Thursday, April 22, 2010

The IPL and the media have put me in a fix.

The Global Media Monitoring Project (GMMP) initiated by the World Association for Christian Communication brought together people all around the world to find out how the media covered various groups of people. In this instance it sought to find how women were covered in the media. The media has its inverted pyramid style way of looking at the world in which the rich, famous, powerful and beautiful are given maximum space. The bizarre, untoward, adventurous and unnatural are then given the next bits of space while the poor, women and children often have to fight to find a fleeting mention. The findings of the GMMP strengthened the argument that less than 20% of stories focus solely on women.

These days the English news channels in India are in frenzy over the IPL. After Tharoor and Sunanda setting the air waves on fire, the Modi fire is becoming too hot to handle. Stories of fund embezzlements, hastily patched up front companies, shady real estate deals and income tax department raids are all coming out by the minute and second. So much that the viewer who misses an hour misses myriad twists in the story. Soon we will be exposed to the private life of Lalit Modi, his extravagant life style and how he build his IPL castle. So much IPL that anything else has almost gone into oblivion. Everyone is found asking, “Did you watch the IPL match?” It sounds like I might be labelled unnatural if I don’t watch the IPL and hope for an IPL team for my state.

The frenzy over the IPL is so much that everyone in one way or the other is involved with it. Some by going to the stadiums, some by watching matches on T.V., few by supporting Tharoor, and others by following the IPL related news. The IPL is stirring the imagination of the media audience. But it also shows that the IPL has changed cricket in India and it has used the media to this effect. It has changed cricket which had ‘use value’ to cricket which now has ‘exchange value’. This is why the IPL is gobbling up all that print space and invading the air waves. The exchange has been made! We the audience have thus been ‘commodified’ and given a price tag. The critique of religion as the opium for the masses has now undergone a change to IPL as the opium for the masses.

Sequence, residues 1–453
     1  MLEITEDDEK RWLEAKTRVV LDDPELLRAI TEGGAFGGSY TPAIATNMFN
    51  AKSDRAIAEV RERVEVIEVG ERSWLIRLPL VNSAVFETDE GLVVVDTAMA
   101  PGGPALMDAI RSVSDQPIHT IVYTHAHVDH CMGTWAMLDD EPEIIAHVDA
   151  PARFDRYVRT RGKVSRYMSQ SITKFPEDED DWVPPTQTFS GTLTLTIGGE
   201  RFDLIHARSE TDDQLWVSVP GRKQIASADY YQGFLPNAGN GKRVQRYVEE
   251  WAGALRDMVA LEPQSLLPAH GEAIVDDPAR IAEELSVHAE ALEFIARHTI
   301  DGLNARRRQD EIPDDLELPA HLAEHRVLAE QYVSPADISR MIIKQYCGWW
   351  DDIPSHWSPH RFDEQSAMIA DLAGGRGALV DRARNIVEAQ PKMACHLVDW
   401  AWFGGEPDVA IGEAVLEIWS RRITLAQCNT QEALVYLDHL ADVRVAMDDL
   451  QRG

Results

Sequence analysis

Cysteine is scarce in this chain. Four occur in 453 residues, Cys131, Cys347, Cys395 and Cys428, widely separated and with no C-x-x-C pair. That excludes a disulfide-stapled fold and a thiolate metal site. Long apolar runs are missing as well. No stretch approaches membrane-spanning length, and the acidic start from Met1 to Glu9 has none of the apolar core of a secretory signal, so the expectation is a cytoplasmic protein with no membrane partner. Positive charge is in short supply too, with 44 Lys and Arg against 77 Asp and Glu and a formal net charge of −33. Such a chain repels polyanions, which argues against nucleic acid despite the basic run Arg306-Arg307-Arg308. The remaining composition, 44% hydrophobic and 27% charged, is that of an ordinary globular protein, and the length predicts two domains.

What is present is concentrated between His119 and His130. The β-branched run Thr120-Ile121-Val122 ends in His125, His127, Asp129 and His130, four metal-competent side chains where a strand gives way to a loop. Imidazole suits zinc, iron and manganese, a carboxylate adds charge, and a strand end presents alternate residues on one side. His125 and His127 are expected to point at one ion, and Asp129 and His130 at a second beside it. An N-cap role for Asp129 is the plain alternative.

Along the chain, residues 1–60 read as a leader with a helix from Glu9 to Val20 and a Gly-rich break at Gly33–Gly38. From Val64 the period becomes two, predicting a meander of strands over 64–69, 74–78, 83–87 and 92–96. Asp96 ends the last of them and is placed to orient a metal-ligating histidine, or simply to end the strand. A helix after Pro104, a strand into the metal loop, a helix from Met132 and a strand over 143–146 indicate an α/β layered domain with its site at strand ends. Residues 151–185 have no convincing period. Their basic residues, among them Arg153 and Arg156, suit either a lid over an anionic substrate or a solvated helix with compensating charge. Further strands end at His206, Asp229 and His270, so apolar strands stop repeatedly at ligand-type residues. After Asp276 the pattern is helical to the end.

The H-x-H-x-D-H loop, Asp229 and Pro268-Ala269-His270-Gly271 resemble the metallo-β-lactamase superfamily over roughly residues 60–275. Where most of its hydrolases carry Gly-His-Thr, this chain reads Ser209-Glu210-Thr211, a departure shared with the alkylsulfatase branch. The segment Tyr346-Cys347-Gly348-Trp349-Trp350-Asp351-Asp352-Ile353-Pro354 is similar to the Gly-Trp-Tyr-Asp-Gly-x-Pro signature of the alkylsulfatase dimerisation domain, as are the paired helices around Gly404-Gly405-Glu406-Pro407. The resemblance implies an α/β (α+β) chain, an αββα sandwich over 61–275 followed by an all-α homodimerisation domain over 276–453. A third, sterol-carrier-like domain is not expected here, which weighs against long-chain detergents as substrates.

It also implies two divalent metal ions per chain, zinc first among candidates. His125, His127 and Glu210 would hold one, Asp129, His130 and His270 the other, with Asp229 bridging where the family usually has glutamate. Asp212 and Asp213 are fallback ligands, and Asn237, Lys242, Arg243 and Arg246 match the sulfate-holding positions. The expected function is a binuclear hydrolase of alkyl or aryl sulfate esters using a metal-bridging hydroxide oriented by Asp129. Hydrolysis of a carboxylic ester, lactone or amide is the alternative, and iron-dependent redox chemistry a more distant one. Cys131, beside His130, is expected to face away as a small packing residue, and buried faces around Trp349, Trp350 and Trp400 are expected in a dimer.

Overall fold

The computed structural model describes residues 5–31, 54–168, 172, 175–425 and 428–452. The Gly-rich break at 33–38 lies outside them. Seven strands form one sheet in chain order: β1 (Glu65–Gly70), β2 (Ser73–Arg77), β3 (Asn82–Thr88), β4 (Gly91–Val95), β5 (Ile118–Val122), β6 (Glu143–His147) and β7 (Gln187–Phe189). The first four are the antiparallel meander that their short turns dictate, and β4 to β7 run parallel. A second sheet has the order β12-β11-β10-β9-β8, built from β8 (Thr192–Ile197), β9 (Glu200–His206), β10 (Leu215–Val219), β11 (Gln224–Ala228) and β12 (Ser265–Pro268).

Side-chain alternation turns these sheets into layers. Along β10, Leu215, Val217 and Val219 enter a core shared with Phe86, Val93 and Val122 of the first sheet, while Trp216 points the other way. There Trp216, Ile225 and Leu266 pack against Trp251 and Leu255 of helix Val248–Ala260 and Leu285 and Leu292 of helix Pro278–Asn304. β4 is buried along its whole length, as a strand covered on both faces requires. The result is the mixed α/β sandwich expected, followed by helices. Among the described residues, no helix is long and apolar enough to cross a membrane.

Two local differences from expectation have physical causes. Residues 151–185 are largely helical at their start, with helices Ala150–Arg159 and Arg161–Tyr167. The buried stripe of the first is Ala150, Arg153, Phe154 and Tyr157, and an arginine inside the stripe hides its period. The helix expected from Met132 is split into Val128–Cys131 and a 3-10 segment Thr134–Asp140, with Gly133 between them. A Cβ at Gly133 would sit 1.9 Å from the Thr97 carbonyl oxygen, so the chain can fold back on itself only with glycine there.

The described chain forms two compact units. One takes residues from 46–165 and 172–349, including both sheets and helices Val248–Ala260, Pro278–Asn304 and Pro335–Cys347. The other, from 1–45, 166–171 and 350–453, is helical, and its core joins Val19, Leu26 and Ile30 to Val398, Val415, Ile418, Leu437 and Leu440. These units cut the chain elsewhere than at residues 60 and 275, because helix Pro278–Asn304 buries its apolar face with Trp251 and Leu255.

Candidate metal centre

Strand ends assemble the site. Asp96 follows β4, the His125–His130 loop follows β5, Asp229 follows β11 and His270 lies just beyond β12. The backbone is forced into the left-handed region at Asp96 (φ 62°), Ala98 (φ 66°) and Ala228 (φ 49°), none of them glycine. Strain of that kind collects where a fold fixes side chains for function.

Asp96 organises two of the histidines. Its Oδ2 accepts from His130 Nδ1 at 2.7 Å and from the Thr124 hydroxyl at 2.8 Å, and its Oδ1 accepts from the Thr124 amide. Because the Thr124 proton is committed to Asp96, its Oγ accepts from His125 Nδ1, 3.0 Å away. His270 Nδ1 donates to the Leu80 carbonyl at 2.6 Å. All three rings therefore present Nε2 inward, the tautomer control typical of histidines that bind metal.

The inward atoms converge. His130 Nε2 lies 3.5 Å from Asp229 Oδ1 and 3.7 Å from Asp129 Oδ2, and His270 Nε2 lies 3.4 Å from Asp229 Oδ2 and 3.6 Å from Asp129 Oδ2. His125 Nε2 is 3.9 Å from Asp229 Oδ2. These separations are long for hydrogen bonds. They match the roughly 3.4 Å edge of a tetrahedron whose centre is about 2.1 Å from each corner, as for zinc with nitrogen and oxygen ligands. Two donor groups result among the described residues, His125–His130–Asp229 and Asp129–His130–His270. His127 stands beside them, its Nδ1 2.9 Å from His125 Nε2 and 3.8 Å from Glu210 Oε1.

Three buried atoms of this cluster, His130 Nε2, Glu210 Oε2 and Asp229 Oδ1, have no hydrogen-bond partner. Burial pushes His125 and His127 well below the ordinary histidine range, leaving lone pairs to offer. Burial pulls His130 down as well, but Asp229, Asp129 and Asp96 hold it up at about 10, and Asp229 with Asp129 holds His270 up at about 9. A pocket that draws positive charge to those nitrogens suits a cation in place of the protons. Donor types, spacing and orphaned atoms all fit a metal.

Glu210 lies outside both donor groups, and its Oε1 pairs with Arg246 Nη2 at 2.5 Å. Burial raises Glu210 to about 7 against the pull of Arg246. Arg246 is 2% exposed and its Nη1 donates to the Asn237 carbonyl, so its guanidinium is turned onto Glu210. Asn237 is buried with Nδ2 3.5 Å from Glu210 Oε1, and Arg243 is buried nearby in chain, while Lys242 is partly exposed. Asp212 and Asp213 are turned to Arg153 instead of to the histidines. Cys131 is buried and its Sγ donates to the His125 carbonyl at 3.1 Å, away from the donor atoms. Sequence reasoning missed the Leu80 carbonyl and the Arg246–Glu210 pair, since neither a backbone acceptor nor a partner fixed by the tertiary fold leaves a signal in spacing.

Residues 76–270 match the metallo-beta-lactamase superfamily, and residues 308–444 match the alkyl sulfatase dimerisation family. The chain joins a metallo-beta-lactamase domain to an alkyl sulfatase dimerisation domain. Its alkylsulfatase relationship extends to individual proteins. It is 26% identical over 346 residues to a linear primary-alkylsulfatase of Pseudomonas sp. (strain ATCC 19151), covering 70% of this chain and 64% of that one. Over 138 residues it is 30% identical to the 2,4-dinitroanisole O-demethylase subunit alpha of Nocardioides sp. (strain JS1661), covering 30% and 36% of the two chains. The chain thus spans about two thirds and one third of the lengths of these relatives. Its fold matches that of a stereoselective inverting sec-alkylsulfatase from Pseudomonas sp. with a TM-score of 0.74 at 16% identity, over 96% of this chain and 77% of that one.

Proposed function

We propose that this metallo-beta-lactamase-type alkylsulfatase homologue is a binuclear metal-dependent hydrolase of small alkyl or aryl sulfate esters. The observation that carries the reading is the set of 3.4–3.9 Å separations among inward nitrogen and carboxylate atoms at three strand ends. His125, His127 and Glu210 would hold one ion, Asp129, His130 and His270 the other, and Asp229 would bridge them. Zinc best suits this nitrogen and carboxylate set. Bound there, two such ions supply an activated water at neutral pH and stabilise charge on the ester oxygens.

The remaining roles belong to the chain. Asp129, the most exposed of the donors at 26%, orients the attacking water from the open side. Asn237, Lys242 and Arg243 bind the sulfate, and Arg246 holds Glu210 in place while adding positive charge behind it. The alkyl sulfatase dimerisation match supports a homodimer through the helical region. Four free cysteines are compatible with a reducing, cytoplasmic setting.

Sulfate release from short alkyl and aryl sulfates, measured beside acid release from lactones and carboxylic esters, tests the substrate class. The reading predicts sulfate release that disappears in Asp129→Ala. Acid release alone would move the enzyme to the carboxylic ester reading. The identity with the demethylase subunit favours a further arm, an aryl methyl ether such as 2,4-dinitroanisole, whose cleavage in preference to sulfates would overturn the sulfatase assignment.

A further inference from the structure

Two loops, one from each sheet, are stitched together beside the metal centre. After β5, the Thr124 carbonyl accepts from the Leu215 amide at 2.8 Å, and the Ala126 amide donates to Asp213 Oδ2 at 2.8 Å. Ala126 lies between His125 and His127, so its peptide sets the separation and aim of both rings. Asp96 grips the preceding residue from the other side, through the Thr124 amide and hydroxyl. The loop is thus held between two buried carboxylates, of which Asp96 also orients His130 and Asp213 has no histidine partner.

It is this that the poor, the helpless women and the powerless children of this country don’t have: ‘exchange value.’ They have use value but that is not enough for the main stream media and for us. We therefore neglect them by not speaking about them, not writing about them and not reading about them. They don’t give us the ‘fix’ we need. That is provided by the cheer leaders, bright lights, colour and entertainment. As a country we are living in a fix. We expect religion, movies and sports to be our opium. Therefore the politicians, religious leaders, earning middle and upper middle class, business community and different media are all responsible for the IPL dirty linen that is now being washed in public. I don’t know whether we will be able to come out of this perpetual fix! Maybe we don’t want to?

4 comments:

AKKU said...

A good article...'Exchange Value'-a universal truth through which we are leading our life but hard to accept that " no good deeds are done from selflessness "

Fr Jerry said...

Yes indeed. Everything is measured in terms of whether it is sale-able and how much money it will make. Money speaks loud and clear instead of good deeds and sacrifice. I wonder whether this is the progress we all want and what hidden price we have to pay for the gains we make!

renjith said...

nice

Fr Jerry said...

Thanks.